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How embracing 'useless' math can enhance our thinking

Discover why a Stanford grad believes math teaches us more than just numbers.

How embracing 'useless' math can enhance our thinking
Representative Cover Image Source: Pexels | Nothing Ahead

Often, when people are asked about their least favorite or most challenging subject, the answer given is "Mathematics." Many students commonly argue that learning math is pointless, as they believe it has no application in their future careers. This perception holds some truth. Unless our job demands us to solve mathematical problems, we rarely have to think about calculus, algebra, trigonometry, and other concepts we learned in school. In a LinkedIn post, Stanford alumnus and math enthusiast Hamza Alsamraee addressed the flawed logic of this argument.

Representative Image Source: Pexels | Andrea Piacquadio
Representative Image Source: Pexels | Andrea Piacquadio

As a math major, Alsamraee agreed with the common view that many will not solve complex problems in their careers. "I'll never solve a partial differential equation for work. But why is that the standard we judge the value of learning by?" he wrote. To this Stanford alumnus, saying that the college math we learned was "inapplicable in the real world" seemed silly. "College isn't a vocational training program. It's meant to provoke your curiosity, to expand your horizons," pointed out Alsamraee. Also, for those who think that college should only teach things that are actually applicable to real-world jobs, he wrote, "If you want 'real world' learning, go to a boot camp/trade school, etc. There's nothing wrong with that. But trying to turn college into trade school is stupid."



 

Alsamraee, founder of the tech company NewForm, also highlighted how 'useless' math concepts actually sharpen our thinking skills. "How to analyze problems. How to weigh different perspectives. It's not a surprise the smartest people I've met in business also happen to have a lot of 'useless' knowledge," he wrote. As per the math enthusiast, "Curiosity shouldn't be constrained by capitalist pursuit." He mentioned that if people let capitalism control what we learn, we would become a "noninteresting person with little ability to think laterally" and that an AI agent will outperform us soon. "Go read about philosophy, math, history, whatever intrigues you. Who cares if it makes you money? It'll make you human," he concluded.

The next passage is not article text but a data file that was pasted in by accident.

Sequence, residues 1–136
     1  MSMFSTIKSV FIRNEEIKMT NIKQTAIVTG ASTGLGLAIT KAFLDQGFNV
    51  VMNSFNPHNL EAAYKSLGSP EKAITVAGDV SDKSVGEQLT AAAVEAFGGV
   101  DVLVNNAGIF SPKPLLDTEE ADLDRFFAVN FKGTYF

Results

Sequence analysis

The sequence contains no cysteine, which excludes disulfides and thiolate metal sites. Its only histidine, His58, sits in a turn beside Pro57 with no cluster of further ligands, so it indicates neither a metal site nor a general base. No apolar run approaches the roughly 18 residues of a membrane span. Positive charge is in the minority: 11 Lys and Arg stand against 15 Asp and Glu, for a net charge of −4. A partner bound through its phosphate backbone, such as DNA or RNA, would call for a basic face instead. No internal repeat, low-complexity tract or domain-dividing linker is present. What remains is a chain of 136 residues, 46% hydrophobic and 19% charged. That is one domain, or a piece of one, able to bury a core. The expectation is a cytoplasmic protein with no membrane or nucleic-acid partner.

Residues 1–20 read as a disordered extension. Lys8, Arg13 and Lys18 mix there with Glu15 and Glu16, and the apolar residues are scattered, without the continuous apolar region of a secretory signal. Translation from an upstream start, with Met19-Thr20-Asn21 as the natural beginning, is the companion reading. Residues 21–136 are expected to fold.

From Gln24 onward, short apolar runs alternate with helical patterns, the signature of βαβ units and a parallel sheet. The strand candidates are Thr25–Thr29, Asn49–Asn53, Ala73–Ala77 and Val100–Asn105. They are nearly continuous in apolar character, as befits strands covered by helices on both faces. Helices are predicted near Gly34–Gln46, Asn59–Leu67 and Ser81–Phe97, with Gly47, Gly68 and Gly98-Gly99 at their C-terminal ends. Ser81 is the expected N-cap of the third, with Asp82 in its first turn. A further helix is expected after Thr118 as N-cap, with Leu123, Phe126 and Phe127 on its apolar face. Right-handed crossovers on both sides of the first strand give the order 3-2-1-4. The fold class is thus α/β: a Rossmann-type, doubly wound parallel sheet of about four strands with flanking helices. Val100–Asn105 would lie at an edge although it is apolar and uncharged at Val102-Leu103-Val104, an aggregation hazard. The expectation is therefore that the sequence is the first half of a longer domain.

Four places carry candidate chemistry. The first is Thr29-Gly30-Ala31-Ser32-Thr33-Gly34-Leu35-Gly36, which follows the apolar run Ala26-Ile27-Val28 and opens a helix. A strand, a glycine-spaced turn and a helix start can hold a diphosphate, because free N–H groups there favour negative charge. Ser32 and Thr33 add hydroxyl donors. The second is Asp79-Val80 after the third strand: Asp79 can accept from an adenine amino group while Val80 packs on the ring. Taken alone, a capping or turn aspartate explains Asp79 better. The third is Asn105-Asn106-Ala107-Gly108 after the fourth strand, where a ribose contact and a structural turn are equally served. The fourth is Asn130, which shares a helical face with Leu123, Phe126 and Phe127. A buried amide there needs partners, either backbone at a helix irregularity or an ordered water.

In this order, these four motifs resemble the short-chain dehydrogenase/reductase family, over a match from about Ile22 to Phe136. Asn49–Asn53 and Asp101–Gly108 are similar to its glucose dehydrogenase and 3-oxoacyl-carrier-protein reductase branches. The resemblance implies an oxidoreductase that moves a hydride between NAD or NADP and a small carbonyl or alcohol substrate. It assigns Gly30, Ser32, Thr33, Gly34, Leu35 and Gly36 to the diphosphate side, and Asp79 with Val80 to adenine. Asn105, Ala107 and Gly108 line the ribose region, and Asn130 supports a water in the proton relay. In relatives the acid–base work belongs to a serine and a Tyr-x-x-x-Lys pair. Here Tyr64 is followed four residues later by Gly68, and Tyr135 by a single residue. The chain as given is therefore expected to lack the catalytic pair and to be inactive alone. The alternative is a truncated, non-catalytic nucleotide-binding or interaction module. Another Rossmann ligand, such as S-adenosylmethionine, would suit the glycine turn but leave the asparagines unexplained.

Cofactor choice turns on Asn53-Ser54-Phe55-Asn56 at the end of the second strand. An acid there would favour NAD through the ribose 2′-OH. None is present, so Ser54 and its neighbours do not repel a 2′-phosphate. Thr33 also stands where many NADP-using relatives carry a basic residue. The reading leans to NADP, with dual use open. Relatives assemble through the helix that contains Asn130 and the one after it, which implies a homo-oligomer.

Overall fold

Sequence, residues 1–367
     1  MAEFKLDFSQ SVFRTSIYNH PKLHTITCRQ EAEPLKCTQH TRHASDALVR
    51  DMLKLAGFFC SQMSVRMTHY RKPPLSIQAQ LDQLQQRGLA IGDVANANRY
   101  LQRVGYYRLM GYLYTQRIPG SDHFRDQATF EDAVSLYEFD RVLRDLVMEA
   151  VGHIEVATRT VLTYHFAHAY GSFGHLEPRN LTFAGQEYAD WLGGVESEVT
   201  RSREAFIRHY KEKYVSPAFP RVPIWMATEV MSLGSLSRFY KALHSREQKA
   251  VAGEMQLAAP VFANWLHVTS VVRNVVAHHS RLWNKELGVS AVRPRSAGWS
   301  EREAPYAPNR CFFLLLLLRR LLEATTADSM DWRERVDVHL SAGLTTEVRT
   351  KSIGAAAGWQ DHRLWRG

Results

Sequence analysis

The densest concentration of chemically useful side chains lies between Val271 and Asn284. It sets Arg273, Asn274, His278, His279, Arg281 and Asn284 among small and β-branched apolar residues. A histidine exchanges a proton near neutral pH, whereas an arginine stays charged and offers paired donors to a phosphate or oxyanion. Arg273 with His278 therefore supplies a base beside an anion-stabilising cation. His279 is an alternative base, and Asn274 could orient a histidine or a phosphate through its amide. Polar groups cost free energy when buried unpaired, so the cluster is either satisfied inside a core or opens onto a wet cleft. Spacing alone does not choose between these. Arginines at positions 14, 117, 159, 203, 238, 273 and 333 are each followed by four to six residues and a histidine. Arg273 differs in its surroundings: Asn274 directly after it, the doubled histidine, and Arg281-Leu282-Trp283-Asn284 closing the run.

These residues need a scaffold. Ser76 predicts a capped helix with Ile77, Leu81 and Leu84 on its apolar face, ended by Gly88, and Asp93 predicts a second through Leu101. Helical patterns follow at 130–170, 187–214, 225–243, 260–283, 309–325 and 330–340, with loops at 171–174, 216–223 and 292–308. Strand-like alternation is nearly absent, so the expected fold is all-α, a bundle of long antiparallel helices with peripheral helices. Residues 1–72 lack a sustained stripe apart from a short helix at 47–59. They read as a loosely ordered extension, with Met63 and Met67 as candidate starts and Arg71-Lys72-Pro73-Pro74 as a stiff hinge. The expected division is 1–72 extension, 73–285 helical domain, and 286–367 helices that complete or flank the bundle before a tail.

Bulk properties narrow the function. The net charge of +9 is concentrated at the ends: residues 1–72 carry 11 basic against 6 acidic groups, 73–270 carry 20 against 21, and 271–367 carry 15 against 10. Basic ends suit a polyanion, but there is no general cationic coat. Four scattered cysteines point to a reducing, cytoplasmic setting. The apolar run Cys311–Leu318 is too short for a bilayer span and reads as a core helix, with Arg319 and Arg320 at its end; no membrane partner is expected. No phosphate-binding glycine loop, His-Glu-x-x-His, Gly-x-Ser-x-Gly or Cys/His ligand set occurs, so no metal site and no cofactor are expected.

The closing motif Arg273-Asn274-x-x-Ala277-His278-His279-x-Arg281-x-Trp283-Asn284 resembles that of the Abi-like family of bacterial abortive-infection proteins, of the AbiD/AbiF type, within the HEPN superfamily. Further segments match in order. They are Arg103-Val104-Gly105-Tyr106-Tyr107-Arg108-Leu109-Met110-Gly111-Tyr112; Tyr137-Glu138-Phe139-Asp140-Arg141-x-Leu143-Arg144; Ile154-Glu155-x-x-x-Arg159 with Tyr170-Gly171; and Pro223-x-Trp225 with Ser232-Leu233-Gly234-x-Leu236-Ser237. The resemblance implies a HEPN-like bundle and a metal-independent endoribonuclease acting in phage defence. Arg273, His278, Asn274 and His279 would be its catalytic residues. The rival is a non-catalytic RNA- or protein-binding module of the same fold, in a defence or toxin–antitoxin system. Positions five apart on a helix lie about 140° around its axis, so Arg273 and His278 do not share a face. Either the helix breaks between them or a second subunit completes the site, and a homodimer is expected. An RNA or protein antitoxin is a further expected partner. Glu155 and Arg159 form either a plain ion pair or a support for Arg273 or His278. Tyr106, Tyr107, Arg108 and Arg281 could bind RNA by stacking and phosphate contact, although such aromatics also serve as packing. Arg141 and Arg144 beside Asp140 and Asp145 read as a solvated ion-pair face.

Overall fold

His post went viral, garnering over 15K on the platform. Later, Maheshwari Peri (@maheshperi) shared it on X (previously Twitter), where it gained over 172K views after a student asked them why they had to learn trigonometry as it doesn't have real-life applicability. Not long after, people started sharing their views. "The response makes sense. Learning new unknown things opens up avenues and triggers curiosity. However, Trigonometry has real-life uses too. Without knowing Pythagoras's theorem, one might always take longer routes while they can reach their destination diagonally," commented @maddyb65.

"It's laughable when someone says Trignometry and PDE have no real-world applicability. Just because students are not taught 'direct application' in class, does not mean there is no application in the world," wrote @shivakjolad. "He's articulated his argument so well. Now we need systems of education and evaluation that force us to think and question," commented @sammoorthy21.



 

Speaking of college-level math, a Harvard math entrance exam from 1869 has been making its rounds on the internet. A Canadian mathematician and professor, Anthony Bonato (@Anthony_Bonato), shared those math questions pointing out that the calculator was not allowed back then. This left the internet flabbergasted, with many feeling lucky they now have access to calculators during math exams.

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